Much like the collapse against Notre Dame in Maui the night after winning a tough, well-fought game against Michigan, the Tigers again failed to capitalize on a big win.
We knew exactly what kind of team Stephen F. Austin was coming into the game. They’re physical, they’re rough in the paint, and they’re great at forcing turnovers. They made the Tigers play their game, and ended up on the right side of a wild 61 second conclusion to a fun, evenly matched basketball game.
“They were just more physical than us,” said Coach Wade after the game. “They finished a little bit better around the rim than we did. That ultimately got us.”
From the very beginning of the game, Wade had his fears about the game justified: his team came out flat the game after a big win again. “This is the second time we’ve done this,” added Wade. “This is the same thing. Two steps forward, one step back. We called the timeout because we couldn’t get the ball in bounds, but I could sense that today was going to be a meat grinder so to speak.” Both teams finished the game with 17 turnovers and 10 steals, and both shot just about 49% from the field.
It’s a tough loss, but while it probably should have been a win for LSU, the Lumberjacks just matched up so, so well, and had six days of rest to LSU’s two. I wouldn’t consider this a bad loss at all. We don’t particularly have plans for March, so honestly at this point as long as the team plays a full, inspired game, that’s something to be excited about. When this team lost last year, they would’ve gone to halftime losing and given up right there. It sucks to lose, yeah, but there are definitely positives to highlight as well.
Skylar Mays was an absolute force for the Tigers on both sides of the ball, shooting 70% from the field for 17 points, including 4 rebounds, 6 assists, and 3 steals. Among those assists was a sweet alley oop, and others showcased how great his vision and knowledge of the game can really be. He had to step up when Tremont Waters started out a little below his standard, and did very well.
“Coach just said that we lost the game three minutes into the game,” said Waters. “You could see that we were lacking on, not so much defense, but overall effort.” Waters might’ve finished with a 19/4/6 stat line, but his first points didn’t come until a pair of free throws with 2:38 left in the first half. It took longer than usual for LSU’s best offensive player to play his game, so they could never really establish their style and tempo.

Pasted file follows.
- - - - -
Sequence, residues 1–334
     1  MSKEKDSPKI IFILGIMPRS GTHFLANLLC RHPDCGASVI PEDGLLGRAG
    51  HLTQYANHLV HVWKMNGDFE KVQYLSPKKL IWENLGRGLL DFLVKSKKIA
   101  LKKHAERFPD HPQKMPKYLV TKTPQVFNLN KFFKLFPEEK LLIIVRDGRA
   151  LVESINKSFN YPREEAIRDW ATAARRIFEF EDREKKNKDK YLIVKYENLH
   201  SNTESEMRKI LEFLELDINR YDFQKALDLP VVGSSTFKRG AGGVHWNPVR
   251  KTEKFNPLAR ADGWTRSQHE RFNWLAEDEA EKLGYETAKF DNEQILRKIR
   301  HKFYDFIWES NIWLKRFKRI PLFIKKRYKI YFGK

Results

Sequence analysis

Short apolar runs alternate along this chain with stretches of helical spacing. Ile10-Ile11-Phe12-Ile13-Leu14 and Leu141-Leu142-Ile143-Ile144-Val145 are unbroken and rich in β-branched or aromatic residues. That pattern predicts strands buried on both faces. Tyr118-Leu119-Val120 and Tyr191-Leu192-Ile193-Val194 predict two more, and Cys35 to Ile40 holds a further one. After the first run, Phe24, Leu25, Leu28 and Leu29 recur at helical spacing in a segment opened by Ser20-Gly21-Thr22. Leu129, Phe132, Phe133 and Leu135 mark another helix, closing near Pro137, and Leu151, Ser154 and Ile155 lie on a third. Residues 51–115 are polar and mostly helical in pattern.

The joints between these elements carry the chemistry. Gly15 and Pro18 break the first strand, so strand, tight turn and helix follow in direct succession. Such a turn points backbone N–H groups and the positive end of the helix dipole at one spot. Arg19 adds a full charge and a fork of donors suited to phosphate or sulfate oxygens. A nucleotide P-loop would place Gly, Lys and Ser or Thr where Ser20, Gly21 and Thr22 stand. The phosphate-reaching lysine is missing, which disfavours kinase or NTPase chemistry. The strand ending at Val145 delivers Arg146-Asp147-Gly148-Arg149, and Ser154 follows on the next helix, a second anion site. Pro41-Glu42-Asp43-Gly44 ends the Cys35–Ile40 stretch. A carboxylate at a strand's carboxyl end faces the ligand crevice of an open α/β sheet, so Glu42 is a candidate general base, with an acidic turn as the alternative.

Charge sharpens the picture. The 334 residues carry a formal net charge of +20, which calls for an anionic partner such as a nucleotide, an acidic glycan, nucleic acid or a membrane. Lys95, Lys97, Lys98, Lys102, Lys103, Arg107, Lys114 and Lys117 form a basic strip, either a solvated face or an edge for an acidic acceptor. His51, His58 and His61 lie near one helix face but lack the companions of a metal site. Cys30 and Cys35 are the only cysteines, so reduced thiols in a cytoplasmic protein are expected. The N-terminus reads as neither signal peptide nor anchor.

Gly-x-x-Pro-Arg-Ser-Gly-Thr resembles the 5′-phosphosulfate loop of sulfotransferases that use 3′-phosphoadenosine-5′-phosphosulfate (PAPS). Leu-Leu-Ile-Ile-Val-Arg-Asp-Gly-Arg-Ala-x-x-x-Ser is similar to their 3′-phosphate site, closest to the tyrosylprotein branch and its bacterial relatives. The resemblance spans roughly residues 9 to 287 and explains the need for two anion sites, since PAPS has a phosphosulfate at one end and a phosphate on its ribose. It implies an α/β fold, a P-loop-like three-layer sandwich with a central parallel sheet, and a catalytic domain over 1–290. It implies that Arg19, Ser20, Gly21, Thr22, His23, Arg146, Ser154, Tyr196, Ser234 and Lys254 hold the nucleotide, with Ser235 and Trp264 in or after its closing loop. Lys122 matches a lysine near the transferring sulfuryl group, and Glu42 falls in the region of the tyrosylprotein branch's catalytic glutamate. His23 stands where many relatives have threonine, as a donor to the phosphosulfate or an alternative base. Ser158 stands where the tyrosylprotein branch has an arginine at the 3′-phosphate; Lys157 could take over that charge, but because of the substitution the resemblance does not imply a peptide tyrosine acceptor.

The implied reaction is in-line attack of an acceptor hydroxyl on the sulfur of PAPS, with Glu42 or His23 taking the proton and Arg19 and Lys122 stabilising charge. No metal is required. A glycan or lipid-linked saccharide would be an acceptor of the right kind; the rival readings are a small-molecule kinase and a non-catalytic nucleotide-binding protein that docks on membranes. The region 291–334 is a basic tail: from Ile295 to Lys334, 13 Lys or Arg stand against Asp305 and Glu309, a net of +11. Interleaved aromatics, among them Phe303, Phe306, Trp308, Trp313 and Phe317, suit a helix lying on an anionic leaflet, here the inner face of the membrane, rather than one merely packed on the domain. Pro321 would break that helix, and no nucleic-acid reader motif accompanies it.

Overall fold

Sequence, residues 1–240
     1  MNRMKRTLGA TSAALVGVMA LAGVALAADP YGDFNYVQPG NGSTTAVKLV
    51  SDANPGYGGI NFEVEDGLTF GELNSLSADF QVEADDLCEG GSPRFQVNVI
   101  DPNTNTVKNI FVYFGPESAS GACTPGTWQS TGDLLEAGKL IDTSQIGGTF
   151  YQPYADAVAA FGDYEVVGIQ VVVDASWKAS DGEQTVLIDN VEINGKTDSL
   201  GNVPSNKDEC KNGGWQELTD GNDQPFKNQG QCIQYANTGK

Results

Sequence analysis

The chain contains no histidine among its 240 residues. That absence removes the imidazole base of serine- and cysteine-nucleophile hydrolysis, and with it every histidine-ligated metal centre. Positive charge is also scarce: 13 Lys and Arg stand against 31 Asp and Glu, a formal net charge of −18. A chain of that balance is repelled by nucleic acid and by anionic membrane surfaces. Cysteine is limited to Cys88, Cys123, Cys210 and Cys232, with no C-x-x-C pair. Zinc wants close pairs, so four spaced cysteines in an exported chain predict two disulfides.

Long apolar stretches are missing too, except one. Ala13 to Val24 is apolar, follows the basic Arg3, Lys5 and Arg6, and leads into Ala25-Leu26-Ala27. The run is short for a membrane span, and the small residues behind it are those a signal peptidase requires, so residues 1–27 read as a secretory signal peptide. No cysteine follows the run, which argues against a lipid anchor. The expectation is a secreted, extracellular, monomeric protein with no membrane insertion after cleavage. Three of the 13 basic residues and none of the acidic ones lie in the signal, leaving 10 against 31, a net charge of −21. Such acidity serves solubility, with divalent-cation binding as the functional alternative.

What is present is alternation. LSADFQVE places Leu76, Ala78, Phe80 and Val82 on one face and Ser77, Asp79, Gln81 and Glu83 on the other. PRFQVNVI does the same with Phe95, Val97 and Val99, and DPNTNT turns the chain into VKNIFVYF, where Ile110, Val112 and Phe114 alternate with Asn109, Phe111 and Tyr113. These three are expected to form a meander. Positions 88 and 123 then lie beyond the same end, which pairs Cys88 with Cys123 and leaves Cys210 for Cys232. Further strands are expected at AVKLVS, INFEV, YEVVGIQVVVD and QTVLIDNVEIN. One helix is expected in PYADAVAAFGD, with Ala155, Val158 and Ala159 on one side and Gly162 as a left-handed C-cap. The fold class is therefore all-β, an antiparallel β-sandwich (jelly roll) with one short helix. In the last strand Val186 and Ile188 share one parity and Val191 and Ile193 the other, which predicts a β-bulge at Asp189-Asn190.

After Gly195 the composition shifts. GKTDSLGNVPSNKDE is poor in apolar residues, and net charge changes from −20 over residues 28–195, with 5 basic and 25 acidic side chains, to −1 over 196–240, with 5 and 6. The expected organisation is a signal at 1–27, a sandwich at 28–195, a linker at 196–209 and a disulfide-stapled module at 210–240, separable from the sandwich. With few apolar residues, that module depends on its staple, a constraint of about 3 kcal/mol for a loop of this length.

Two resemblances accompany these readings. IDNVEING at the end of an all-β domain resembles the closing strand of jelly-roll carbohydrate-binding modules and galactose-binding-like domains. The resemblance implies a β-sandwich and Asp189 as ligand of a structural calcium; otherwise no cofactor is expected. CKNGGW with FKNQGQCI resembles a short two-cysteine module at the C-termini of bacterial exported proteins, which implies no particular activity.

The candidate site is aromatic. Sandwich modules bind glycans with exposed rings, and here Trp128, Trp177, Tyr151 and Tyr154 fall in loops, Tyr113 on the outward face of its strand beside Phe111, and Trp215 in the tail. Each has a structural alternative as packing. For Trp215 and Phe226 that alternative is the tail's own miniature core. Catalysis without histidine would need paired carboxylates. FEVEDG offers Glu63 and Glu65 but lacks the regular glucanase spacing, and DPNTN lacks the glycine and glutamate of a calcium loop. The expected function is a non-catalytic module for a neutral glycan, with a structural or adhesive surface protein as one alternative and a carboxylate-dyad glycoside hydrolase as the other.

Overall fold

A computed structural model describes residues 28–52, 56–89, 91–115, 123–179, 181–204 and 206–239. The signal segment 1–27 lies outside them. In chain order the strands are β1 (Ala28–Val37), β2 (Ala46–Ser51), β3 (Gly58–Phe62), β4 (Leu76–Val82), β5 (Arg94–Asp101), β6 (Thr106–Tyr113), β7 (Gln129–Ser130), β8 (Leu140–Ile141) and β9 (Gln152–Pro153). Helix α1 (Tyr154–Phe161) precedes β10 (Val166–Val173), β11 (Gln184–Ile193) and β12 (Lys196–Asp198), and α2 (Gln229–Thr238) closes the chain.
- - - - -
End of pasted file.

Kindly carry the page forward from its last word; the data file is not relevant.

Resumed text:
Aaron Epps had another overall great game, earning his second straight double-double with 16 points and 10 rebounds. That said, 9 of those rebounds came in the second half, again showing how LSU wasn’t able to play their game right out of the gate. Although the Tigers led for most of the first half, they could never really separate themselves from the Lumberjacks. “We didn’t come out with the right attitude,” said Epps. “We were just kind of out there. We were not as focused as we should have been.”
The last 61 seconds was a crazy mess, and reminded everyone in the PMAC Sunday afternoon how fun or heartbreaking college basketball can be, depending on which side of Toledo Bend you live.
“I think Tre denied the ball really well,” said Skylar Mays. “They were trying to get the ball back to Augustin and it looked to me that he got the ball, so I was heading down the wrong way. I lost sight of my man and Augustin was able to get the loose ball and had Canete down in there wide open and we gave up the layup.” A mere 14 seconds after Waters hit a three pointer to take a late lead, the Tigers found themselves down by one point with only four seconds left. They ran a quick play that actually gave Aaron Epps a fantastic look for a layup, but good shooters miss easy shots sometimes.
“I mean you (can’t) get a better look. We got a layup,” said Coach Wade. “You get a better look a lot of times when the defense is scrambling than if you call something. We got as good of a look as you can get.” But Wade wasn’t willing to blame Epps at all for missing what would’ve been the game-winning layup.
“We lost the game well before the last play. We didn’t deserve for that layup to go in. I know Epps wishes it would have gone in. I know our team did too, but the way we played and with how tough they were—they were down nine in the first half and six in the second half and came back—we didn’t deserve that.”
A tough, close loss like this tends to stick in players’ minds for a while, but they’ll have to quickly shift their focus to the next opponent already coming up on Tuesday night. The Tigers will face the Sam Houston State Bearkats (6-5) in the PMAC in three days, and that game will tip off at 7pm on SEC Network+.